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Remote sensing of ocean color from space, a problem that consists in retrieving spectral marine reflectance from spectral top-of-atmosphere reflectance, is considered as a collection of similar inverse problems continuously indexed by the angular variables influencing the observation process. A general solution is proposed in the form of a field of(More)
A methodology is presented for retrieving phytoplankton chlorophyll-a concentration from space. The data to be inverted, namely, vectors of top-of-atmosphere reflectance in the solar spectrum, are treated as explanatory variables conditioned by angular geometry. This approach leads to a continuum of inverse problems, i.e., a collection of similar inverse(More)
Despite a substantial literature on nonparametric two-sample goodness-of-fit testing in arbitrary dimensions, there is no mention there of any curse of dimensionality. In fact, in some publications, a parametric rate is derived. As we discuss below, this is because a directional alternative is considered. Indeed, even in dimension one, Ingster (1987) has(More)
Maximum Variance Unfolding is one of the main methods for (nonlinear) dimensionality reduction. We study its large sample limit, providing specific rates of convergence under standard assumptions. We find that it is consistent when the underlying submanifold is isometric to a convex subset, and we provide some simple examples where it fails to be consistent.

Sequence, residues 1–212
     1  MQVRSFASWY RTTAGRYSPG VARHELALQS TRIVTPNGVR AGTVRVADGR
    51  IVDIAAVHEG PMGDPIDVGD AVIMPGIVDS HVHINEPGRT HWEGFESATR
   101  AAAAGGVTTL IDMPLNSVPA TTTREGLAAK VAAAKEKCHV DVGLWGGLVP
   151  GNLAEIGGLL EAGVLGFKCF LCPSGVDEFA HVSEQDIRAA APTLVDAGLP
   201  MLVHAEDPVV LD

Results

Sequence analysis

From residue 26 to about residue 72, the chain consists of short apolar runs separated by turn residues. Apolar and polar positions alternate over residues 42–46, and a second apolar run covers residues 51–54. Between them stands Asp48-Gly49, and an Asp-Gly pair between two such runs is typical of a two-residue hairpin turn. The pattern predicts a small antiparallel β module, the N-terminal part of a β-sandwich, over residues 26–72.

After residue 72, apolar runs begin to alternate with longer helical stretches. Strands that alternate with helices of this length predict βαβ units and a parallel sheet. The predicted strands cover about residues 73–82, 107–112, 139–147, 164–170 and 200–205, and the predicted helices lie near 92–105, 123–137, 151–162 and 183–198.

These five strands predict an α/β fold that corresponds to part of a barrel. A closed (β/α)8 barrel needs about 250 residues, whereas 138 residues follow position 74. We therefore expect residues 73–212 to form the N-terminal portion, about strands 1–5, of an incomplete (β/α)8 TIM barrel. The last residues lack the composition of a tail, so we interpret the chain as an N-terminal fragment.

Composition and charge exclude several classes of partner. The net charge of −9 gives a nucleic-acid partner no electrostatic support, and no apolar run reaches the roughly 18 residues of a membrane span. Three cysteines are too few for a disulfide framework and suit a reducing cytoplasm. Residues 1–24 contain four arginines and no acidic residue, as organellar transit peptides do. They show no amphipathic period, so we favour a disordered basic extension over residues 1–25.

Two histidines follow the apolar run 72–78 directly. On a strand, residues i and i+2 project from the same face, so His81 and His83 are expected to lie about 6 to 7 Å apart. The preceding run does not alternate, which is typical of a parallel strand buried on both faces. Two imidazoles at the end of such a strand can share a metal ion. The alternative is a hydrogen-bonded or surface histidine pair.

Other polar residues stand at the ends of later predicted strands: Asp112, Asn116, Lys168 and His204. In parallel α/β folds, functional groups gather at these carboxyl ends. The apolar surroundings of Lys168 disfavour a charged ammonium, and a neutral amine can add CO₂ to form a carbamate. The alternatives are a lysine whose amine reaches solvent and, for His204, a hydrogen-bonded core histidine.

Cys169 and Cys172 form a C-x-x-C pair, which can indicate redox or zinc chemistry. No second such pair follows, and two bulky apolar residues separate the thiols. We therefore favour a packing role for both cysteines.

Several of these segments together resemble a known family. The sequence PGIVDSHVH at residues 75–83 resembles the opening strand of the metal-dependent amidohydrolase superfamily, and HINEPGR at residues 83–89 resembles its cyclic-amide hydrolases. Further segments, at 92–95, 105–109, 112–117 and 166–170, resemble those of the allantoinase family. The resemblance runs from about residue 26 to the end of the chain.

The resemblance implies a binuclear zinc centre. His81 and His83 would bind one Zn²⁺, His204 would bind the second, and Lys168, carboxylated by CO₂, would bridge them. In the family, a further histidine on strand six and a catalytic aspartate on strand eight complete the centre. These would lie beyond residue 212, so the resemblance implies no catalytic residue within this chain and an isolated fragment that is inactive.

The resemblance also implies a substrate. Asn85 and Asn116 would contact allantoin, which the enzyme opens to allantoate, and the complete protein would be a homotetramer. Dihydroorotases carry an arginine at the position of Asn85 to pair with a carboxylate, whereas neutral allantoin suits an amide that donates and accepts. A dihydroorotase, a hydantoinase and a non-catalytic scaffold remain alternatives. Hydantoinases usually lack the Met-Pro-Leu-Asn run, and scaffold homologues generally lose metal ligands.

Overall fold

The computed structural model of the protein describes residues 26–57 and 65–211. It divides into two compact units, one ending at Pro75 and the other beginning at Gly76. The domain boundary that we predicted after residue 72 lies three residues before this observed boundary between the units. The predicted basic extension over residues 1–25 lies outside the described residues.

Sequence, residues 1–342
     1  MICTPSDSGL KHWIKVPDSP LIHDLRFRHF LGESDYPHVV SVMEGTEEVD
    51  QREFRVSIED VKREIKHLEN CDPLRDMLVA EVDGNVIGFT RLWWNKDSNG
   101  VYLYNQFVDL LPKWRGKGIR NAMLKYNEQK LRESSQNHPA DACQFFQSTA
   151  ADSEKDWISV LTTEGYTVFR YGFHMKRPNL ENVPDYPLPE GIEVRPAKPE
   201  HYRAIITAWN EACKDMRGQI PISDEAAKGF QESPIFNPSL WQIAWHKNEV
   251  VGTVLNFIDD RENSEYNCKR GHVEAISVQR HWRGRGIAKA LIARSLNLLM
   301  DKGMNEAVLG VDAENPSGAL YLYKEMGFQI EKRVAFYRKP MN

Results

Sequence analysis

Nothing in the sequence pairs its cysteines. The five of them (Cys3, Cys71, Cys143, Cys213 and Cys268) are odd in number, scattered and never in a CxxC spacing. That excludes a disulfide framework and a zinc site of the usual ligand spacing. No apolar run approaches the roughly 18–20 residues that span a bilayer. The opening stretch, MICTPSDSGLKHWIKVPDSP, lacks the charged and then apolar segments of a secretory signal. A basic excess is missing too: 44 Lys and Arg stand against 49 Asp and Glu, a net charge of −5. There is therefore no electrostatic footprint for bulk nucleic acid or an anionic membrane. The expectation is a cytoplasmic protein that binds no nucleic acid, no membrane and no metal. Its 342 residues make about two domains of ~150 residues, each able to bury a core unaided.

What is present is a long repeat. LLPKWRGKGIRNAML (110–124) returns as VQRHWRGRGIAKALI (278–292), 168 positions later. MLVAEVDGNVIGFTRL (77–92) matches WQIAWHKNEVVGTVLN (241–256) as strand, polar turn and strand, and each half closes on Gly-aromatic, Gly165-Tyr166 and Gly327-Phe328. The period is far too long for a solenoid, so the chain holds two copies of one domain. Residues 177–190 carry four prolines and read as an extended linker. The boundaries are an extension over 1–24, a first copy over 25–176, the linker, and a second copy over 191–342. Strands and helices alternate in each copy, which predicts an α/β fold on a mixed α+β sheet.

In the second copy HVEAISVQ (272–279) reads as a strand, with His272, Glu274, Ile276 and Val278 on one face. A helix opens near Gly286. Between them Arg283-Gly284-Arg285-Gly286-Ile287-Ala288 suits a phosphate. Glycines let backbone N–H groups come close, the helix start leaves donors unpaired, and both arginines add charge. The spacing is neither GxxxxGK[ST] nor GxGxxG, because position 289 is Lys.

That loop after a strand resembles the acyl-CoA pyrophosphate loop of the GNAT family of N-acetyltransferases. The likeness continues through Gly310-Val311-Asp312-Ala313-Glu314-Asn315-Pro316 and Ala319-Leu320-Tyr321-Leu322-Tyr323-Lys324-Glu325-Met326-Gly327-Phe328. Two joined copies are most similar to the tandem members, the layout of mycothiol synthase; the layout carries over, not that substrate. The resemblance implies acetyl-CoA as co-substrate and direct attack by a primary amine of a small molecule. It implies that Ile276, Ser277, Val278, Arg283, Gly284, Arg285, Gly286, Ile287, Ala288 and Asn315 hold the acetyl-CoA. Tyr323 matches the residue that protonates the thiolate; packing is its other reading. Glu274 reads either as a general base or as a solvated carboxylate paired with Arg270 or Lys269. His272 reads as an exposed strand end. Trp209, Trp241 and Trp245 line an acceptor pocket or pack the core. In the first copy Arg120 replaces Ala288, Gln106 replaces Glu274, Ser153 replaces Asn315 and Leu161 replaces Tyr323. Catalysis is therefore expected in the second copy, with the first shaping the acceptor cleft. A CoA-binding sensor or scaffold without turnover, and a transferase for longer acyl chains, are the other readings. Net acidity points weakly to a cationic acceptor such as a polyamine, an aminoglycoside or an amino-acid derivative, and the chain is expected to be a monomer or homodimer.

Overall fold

We consider the linear inverse problem of reconstructing an unknown finite measure µ from a noisy observation of a generalized moment of µ defined as the integral of a continuous and bounded operator Φ with respect to µ. Motivated by various applications, we focus on the case where the operator Φ is unknown; instead, only an approximation Φ m to it is(More)
We study the approximation of a continuous function field over a compact set T , by a continuous field of ridge ap-proximants over T , named ridge function fields. We first give general density results about function fields, and show how they apply to ridge function fields. We next discuss the parametrization of sets of ridge function fields, and give(More)
Following Hartigan [1975], a cluster is defined as a connected component of the t-level set of the underlying density, i.e., the set of points for which the density is greater than t. A clustering algorithm which combines a density estimate with spectral clustering techniques is proposed. Our algorithm is composed of two steps. First, a nonparametric(More)